The Big Six of the Internet are taking on Big Government over privacy.
AOL, Apple, Facebook, Google, Microsoft and Yahoo teamed up in a letter to Congress to push for a dramatic scaling back of government-surveillance programs. The letter was sent a day after it was disclosed that the National Security Agency had tapped fiber-optic lines of Google and Yahoo as part of its spying efforts overseas.
The initial concerns voiced by the companies are for the optics of the controversy. They express frustration over the “confusion” government surveillance causes in the marketplace, and the “erroneous reports” that the companies allowed the government access to directly access their servers.
But the companies also make a direct appeal for reining in surveillance programs overall, in the interest in protecting rights.
“Our companies believe that government surveillance practices should also be reformed to include substantial enhancements to privacy protections and appropriate oversight and accountability mechanisms for those programs,” the company wrote.
The letter mentions one proposed law under consideration, the USA Freedom Act, though it stops short of a full endorsement. The bipartisan Freedom Act would amend both the Patriot Act and the Foreign Intelligence Surveillance Act to prevent the NSA from bulk collection of Americans' communications records. It also would create an advocate to the FISA court, where surveillance requests are made, to ensure civil liberties and allow for faster appeals of decisions by that secret court.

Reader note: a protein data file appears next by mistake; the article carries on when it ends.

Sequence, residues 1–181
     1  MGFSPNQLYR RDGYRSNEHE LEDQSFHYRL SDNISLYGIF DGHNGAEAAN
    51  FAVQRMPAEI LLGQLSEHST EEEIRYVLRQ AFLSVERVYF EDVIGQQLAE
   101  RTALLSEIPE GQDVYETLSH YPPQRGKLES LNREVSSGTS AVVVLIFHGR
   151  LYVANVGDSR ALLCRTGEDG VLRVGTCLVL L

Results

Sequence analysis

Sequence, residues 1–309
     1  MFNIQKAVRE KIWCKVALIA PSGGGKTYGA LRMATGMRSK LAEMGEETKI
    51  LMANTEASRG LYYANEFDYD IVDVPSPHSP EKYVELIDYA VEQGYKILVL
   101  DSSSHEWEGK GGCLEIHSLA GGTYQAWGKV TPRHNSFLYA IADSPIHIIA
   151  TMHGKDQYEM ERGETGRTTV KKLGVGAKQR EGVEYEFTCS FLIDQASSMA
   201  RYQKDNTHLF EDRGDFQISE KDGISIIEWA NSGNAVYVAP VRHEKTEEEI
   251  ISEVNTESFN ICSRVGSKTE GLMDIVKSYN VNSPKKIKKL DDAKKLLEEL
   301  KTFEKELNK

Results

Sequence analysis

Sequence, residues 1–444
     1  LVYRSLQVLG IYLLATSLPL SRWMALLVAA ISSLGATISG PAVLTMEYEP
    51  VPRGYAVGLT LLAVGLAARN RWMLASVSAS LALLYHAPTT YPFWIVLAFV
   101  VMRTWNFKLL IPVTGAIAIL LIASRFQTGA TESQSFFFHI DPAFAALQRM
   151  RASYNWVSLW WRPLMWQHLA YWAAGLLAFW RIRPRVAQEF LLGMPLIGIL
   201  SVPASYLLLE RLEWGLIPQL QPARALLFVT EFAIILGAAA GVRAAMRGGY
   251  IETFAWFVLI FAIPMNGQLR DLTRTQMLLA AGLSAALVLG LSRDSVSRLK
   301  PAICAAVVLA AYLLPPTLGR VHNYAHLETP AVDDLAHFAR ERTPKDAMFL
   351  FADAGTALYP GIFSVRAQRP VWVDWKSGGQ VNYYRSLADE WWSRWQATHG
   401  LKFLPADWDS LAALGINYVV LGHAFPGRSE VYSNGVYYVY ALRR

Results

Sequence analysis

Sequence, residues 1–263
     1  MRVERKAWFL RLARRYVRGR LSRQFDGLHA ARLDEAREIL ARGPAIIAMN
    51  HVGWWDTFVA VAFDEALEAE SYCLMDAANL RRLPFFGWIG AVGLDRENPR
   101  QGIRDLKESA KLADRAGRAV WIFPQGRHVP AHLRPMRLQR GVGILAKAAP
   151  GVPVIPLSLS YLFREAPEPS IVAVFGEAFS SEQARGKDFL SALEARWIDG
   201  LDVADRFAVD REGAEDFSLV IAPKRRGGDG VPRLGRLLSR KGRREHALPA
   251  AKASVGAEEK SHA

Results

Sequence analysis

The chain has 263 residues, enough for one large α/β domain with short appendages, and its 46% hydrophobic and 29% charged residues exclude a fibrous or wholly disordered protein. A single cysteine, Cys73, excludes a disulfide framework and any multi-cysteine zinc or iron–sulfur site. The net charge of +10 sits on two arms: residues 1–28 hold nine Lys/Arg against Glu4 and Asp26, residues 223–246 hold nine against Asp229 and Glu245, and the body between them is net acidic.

Technology companies affected by government surveillance have long complained that they are prohibited from disclosing requests for information from the federal government. Yahoo chief executive Marissa Mayer even went so far as saying that company disclosures of such requests amounted to treason.
The USA Freedom Act would allow companies to disclose more general information about government requests and subpoenas.
But while the USA Freedom Act has support from both parties, it also faces bipartisan opposition, so the chances of passage in either the House or the Senate remain unclear.